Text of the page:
TOKYO — October 4, 2023 — Anthropocene Institute President and Co-Founder Carl Page addressed conference participants in Tokyo on the topic of fusion at the 10th Innovation for Cool Earth Forum (ICEF), an annual event supported by Japanese government agencies. Page stressed the importance of accelerating governance and technology to keep atmospheric conditions comfortable on Earth. “We don’t have a choice about whether geoengineering happens,” he said. “We only get to choose whether people with good intentions do it.”
With moderation from Sally Benson and Nobuo Tanaka, Page joined panelists Scott Hsu, Takaya Taguchi, and Yutaka Kamada on stage. Page favors climate restoration, accelerating innovation, protecting biodiversity, and making industrial-quality, clean energy ten times cheaper. “If we buy 20 times more energy and it’s ten times cheaper, humanity will benefit,” he said.
He added that we would improve our security and health and end poverty. Industry would see supply chain costs go down substantially. Additional benefits include increased biodiversity as farmland use becomes efficient, and truly circular supply chains are adopted.
He then advocated for nuclear power. “Nuclear,” he said, “is dangerous, but only to the fossil fuel industry…Never apologize for the safety of nuclear power. You have a one in 12 chance of being killed by fossil fuel pollution. You have a 0.00% chance of being killed by nuclear waste.”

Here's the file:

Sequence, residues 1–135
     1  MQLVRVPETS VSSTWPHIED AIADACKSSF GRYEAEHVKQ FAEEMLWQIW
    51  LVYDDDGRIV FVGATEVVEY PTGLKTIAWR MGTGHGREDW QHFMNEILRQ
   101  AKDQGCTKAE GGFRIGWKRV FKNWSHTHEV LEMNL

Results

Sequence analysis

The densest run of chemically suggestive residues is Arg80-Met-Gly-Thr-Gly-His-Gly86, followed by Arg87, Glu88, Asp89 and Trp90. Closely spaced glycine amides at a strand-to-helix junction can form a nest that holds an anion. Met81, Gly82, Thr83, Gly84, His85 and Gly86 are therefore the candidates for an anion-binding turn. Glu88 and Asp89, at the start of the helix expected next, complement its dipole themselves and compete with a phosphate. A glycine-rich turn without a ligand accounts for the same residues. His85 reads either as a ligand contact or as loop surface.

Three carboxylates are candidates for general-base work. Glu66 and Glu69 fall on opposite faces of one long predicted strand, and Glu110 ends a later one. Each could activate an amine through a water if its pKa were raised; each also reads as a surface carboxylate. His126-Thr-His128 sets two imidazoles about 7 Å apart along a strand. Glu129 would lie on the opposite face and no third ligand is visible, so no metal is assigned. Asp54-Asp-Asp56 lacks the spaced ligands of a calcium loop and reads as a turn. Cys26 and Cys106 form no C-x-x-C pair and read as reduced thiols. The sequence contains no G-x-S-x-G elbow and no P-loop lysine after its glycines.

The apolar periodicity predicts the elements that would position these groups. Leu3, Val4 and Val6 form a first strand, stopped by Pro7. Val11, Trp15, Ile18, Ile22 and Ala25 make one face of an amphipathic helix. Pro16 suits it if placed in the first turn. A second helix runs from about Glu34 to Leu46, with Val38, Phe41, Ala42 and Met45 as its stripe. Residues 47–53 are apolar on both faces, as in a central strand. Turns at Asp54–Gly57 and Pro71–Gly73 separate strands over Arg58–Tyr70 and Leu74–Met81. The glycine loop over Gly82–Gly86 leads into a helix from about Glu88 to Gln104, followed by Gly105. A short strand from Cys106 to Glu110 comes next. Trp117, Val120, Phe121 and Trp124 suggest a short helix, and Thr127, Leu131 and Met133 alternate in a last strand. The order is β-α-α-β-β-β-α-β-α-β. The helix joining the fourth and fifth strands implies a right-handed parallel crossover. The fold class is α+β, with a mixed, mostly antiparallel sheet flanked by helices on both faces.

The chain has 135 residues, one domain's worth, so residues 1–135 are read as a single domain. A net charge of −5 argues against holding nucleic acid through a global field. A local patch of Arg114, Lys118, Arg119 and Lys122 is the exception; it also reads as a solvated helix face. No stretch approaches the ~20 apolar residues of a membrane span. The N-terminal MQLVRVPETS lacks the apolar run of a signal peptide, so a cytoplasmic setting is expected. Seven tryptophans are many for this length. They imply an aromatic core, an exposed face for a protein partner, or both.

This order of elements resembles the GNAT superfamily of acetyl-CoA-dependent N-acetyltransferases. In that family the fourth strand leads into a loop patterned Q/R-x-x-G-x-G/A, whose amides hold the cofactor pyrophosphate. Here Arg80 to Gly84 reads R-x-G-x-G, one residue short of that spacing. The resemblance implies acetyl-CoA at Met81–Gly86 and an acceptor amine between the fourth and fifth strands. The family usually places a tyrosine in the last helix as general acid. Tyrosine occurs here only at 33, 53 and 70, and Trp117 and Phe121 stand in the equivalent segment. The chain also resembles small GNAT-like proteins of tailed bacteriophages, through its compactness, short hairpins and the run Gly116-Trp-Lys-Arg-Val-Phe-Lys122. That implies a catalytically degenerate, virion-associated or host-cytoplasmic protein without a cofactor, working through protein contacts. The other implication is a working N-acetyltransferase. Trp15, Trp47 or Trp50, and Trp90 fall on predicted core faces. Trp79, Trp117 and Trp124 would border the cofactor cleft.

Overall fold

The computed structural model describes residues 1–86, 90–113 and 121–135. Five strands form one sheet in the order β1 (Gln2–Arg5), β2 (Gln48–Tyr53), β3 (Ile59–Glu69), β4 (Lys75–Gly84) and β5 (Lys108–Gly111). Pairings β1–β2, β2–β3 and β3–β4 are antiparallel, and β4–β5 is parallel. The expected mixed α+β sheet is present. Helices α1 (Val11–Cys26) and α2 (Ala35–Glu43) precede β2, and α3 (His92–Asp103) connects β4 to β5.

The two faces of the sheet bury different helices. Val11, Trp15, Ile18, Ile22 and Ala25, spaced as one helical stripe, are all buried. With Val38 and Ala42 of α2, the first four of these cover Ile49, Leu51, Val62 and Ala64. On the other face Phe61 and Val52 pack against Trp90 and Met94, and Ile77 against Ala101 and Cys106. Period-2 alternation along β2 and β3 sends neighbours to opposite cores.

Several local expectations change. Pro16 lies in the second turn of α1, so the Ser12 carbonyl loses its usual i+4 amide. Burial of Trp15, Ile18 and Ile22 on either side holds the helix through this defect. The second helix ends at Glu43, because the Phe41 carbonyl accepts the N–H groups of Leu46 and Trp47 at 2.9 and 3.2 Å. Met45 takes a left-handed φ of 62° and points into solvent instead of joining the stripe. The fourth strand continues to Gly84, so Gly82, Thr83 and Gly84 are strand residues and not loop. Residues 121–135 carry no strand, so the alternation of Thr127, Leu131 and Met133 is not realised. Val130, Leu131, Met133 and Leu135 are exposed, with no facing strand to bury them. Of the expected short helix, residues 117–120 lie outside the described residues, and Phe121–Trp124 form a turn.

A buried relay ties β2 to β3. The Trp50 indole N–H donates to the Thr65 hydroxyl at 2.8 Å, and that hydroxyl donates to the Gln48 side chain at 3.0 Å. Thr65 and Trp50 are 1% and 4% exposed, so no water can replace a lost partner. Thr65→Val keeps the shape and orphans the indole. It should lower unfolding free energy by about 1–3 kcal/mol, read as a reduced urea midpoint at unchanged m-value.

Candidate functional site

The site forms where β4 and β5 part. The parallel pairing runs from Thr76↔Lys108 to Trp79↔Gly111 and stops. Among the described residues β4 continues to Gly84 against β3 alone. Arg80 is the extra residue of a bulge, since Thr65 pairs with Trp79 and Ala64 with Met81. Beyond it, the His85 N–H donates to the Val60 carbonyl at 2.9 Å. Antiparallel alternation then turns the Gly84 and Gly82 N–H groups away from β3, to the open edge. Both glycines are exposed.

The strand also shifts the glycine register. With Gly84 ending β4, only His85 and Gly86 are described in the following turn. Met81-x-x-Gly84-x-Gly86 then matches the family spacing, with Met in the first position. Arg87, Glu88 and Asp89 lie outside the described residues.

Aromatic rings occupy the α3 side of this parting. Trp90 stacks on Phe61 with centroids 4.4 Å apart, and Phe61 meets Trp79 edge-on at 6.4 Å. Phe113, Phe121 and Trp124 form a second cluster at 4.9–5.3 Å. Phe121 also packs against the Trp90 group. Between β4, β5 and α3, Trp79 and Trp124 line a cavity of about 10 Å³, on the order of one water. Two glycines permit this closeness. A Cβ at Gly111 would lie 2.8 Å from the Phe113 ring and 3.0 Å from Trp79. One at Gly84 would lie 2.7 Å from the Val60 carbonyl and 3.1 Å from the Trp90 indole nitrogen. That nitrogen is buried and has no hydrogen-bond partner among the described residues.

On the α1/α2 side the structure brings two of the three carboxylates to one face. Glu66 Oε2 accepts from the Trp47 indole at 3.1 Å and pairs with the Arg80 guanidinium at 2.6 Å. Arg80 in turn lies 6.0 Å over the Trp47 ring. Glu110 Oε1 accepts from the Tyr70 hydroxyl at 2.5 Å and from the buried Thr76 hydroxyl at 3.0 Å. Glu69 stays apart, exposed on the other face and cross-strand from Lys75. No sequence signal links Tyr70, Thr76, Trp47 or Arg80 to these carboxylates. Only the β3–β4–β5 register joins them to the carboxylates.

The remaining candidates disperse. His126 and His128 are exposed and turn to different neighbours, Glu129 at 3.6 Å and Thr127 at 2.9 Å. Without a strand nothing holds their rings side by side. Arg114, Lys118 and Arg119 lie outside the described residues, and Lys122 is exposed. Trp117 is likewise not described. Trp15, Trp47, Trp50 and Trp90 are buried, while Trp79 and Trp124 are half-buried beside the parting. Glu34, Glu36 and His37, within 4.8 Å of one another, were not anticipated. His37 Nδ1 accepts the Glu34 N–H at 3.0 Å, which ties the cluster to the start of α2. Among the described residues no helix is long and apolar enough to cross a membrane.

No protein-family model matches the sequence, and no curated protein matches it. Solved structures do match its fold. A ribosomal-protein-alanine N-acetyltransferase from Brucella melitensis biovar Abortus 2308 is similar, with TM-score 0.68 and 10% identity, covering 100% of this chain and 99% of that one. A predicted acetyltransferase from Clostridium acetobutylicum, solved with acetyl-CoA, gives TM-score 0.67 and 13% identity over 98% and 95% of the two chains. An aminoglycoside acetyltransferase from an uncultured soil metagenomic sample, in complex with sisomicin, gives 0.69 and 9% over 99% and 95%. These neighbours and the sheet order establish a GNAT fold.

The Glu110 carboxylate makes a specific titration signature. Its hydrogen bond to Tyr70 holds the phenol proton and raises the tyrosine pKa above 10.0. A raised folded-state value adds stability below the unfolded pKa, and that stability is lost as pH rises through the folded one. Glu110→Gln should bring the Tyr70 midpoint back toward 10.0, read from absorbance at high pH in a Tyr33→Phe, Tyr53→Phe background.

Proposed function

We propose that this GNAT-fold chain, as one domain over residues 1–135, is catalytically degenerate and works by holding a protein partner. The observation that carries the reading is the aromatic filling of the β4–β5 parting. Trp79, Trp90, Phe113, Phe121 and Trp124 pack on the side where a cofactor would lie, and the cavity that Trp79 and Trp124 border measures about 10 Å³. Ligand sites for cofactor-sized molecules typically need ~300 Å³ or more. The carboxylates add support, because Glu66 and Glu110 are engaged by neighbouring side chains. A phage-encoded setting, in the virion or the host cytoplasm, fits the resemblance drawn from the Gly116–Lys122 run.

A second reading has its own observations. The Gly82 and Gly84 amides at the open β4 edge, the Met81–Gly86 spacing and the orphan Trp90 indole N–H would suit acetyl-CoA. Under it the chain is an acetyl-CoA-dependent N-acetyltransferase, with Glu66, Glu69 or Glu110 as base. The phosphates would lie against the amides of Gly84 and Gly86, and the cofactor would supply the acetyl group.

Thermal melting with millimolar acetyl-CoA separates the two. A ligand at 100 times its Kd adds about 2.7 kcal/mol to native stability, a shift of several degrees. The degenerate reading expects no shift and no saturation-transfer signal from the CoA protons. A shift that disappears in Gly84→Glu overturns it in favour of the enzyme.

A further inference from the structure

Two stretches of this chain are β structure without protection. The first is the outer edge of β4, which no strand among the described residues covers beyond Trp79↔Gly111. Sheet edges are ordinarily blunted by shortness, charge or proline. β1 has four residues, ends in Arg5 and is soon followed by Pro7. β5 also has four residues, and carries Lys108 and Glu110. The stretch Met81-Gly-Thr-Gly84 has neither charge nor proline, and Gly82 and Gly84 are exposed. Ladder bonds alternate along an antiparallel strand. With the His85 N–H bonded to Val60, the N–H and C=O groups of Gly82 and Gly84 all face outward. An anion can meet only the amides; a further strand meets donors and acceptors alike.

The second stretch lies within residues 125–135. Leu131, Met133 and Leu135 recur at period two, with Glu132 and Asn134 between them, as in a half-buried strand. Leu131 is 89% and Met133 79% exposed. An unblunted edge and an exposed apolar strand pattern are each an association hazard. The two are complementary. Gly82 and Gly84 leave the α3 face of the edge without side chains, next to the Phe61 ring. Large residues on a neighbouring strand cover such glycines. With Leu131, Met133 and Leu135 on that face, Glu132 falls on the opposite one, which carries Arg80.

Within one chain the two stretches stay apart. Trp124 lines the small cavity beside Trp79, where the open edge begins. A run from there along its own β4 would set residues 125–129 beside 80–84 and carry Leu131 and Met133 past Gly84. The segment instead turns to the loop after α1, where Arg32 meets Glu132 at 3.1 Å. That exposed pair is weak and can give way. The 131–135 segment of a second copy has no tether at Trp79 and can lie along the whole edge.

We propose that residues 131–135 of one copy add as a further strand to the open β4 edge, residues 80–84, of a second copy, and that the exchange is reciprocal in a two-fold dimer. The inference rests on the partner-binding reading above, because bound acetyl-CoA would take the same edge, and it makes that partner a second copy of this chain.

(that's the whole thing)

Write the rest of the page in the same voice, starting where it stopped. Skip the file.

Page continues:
Page talked about the lives saved by the current nuclear power fleet in the U.S. and the lives lost when Germany and Japan closed nuclear plants and became more reliant on coal for electricity. Page estimated that nuclear energy in Japan in the course of its history may have prevented 300,000 premature deaths due to air pollution averted. Following the Fukushima accident, Japan has only restarted one fifth of its nuclear reactors as of August 2023. Page told the audience in Japan that global industrial power costs could be reduced through adoption of nuclear energy.
In closing, he advocated for accelerated innovation akin to what happens in Silicon Valley, where a process much like nuclear fission occurs. “When a company exits, it sends out high-energy people with big wads of cash, and they can start the next company without asking for permission or seeking financing from banks,” he said. “That can transform the economy fast.”